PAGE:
After 15 years of training, senior Samantha Wu will continue her gymnastics career to the University of Pennsylvania, where she hopes to concentrate in health science or neuroscience. When Wu was 3 years old, her mother introduced her to gymnastics, hoping the sport would be a fun way to improve her balance. Three years later, Wu’s coaches promoted her from the recreational side to the competitive side of the gym after seeing great potential in her.
“I was pretty nervous at my first competition,” Wu said. “But it was also exciting because competing shows off all of the hard work you put into every single practice.”
Since then, gymnastics has become an integral part of her life. Wu advanced one level each year until she entered level 10 and started her elite career — a path that gymnasts take to compete in higher national-level competitions.
In 2015 and 2017, Wu competed in the Hope’s Secret Classic, a competition in which 17 to 25 gymnasts across the nation were qualified to attend. Qualifying in 2015 was among Wu’s proudest achievements because it was the most prestigious competition she had competed in at the time.
“Even though I was nervous, I felt honored and proud of myself to be able to qualify for this competition in the first place and compete with some of the greatest gymnasts in the nation,” Wu said.
Wu admires the diversity of power and artistic ability in each of gymnastic’s four events: vault, bars, beam and floor. She also enjoys the social aspect of gymnastics, in which she is able to befriend athletes from different levels, teams and even countries, despite the individual and competitive nature of the sport.
Throughout Wu’s journey as a gymnast, her parents, friends and coaches have actively supported her progress. Wu has trained at the same gym, West Valley Gymnastics School, for her entire career, allowing time for her to form strong bonds with her coaches and friends.
“I also have a friend named Emily Lee who I’ve been training with since I was around seven or eight,” Wu said. “She got up to the 2021 Olympic trials and she’s one of the top gymnasts in the nation. I’ve always looked up to her and tried to follow her footsteps.”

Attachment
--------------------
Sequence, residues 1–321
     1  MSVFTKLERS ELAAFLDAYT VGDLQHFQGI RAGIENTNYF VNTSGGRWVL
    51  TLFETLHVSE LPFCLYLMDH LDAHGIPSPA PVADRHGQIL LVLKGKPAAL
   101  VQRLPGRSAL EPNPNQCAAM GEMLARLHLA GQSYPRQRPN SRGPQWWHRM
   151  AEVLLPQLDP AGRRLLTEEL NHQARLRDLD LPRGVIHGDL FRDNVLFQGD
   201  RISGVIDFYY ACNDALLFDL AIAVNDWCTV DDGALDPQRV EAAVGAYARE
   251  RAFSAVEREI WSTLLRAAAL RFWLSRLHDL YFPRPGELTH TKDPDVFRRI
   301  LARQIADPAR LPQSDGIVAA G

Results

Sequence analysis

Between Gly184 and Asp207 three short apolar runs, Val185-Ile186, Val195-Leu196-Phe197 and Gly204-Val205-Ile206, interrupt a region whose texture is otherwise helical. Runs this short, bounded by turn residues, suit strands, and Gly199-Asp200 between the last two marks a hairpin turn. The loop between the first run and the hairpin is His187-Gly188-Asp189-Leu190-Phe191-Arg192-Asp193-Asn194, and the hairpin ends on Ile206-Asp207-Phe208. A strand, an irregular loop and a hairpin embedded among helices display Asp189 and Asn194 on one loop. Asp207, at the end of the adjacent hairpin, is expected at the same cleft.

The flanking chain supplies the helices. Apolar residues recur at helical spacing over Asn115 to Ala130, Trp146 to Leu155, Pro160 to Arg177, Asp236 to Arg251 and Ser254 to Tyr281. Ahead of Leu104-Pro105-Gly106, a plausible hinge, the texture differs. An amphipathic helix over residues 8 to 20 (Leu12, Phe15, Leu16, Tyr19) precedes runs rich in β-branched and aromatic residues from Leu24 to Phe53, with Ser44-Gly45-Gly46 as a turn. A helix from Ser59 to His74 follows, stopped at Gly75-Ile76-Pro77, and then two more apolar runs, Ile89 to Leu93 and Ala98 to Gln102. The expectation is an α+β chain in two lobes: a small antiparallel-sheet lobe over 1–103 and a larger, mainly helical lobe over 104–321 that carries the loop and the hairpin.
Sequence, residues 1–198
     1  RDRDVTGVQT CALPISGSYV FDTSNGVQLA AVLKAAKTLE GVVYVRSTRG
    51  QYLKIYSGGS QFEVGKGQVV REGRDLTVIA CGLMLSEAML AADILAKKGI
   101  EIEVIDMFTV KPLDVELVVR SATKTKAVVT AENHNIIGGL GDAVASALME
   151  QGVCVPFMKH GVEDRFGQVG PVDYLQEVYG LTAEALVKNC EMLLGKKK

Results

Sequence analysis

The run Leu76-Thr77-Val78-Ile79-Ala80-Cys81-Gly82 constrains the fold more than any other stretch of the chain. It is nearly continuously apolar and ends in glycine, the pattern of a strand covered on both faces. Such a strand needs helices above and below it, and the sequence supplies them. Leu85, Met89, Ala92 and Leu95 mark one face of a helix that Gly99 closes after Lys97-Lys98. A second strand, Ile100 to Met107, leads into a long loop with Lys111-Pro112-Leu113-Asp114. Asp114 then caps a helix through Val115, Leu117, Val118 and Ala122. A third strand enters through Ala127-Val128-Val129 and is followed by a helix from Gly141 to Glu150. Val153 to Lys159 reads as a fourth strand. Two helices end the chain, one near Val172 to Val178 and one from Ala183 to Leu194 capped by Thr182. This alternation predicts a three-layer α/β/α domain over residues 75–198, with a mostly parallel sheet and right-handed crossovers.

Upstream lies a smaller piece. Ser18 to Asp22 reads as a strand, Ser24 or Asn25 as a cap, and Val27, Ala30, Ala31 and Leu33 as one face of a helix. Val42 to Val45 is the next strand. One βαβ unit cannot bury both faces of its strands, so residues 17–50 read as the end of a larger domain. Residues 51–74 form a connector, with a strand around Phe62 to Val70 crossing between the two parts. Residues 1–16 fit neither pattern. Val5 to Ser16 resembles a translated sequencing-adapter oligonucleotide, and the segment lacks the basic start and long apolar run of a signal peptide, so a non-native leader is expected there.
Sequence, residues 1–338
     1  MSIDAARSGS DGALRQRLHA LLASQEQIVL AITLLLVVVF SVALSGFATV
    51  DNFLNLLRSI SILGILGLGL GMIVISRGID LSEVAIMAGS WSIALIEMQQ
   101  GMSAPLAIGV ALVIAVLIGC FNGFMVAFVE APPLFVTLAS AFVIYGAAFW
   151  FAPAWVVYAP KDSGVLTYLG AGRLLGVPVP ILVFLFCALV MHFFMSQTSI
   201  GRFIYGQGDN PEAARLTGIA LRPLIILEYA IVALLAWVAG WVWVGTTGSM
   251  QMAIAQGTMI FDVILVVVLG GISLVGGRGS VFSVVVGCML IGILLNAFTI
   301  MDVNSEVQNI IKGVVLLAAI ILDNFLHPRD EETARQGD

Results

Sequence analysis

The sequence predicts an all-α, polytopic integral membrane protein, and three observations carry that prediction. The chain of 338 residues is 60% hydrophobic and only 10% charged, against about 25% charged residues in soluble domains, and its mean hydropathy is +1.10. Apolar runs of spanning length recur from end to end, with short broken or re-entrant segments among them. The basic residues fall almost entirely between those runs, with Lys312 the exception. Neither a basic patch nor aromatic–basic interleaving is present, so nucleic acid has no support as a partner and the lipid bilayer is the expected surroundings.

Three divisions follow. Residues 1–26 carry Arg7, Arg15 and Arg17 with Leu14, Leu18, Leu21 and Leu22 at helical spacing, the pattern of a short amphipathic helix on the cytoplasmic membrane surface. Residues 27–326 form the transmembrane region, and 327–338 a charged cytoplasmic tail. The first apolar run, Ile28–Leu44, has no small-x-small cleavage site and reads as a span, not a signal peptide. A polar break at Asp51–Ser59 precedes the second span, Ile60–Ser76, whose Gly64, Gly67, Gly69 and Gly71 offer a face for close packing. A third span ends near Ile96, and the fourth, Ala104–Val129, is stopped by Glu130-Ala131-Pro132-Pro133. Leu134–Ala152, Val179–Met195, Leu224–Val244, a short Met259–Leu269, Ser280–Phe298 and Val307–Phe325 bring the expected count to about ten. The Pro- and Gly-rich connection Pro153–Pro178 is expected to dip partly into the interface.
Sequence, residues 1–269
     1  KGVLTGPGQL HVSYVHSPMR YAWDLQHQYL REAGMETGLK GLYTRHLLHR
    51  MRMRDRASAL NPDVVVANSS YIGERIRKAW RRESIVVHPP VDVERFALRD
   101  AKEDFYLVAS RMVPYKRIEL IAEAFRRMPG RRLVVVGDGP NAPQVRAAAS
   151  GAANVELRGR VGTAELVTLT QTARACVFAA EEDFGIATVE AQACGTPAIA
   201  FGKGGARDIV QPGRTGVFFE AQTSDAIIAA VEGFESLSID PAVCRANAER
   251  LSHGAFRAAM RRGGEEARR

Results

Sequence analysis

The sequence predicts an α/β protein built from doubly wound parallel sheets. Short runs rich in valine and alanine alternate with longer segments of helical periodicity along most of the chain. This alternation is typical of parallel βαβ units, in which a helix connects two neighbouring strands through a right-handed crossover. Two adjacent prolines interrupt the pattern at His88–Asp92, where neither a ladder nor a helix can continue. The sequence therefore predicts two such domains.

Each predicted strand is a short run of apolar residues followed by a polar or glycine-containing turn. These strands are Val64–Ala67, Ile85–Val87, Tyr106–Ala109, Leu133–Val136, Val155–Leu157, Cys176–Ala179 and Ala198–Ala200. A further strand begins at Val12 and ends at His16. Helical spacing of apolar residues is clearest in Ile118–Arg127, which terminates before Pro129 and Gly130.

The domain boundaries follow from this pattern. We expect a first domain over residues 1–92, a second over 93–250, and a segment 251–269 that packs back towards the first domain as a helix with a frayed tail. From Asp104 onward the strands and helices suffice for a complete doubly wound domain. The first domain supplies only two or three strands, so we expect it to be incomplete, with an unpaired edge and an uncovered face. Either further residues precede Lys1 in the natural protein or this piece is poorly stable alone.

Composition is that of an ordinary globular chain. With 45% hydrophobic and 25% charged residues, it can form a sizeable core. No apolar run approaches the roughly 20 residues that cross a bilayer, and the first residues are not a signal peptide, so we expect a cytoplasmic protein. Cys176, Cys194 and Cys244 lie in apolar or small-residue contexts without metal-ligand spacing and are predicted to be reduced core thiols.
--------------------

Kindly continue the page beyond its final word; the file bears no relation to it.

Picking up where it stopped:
Injuries were one of the greatest setbacks for Wu. Throughout her 15-year career, Wu has broken her foot, thumb, toe and wrist; each injury hindered her training for multiple months. However, with passion, a strong mentality and a great support system, Wu returned to the gym each time to become a better gymnast than she was before.
A typical day for Wu begins with all her classes at school, then going to the gym immediately after school, warming up, training for all four events and ending practice with conditioning for strength and endurance. After rigorous five-hour practices, Wu comes home at 9 p.m. to begin her homework. Wu initially found it challenging to maintain a balance between her academic and gymnastics career, but these challenges allowed her to practice and improve her time management — a crucial skill for every student athlete.
After talking to the team’s coaches, Wu and her family were incredibly happy after receiving an offer to continue her career at UPenn. Her friends who have been with her through her ups and downs were beyond proud of her commitment.
“Originally, I was accepted by UC Davis, but my dad kept telling me to keep my options open,” Wu said. “Then UPenn came into the picture. Since it’s one of the most prestigious colleges in the nation, I thought I was able to get the best of both worlds: academics and gymnastics. I also have cousins who live in Philadelphia, and it’s nice to know that I have some family members around me, so I decided to choose UPenn.”
Wu plans to continue and conclude her gymnastics career at UPenn as a student athlete. She is most excited about UPenn gymnastics’ team spirit and the opportunity to experience the cultures of the East Coast.
“College gymnastics is more of a team sport than an individual sport,” Wu said. “It’s a lot more fun than club gymnastics, so I’m really excited to be part of a group of people that hypes you up every single practice and constantly supports everything you do.”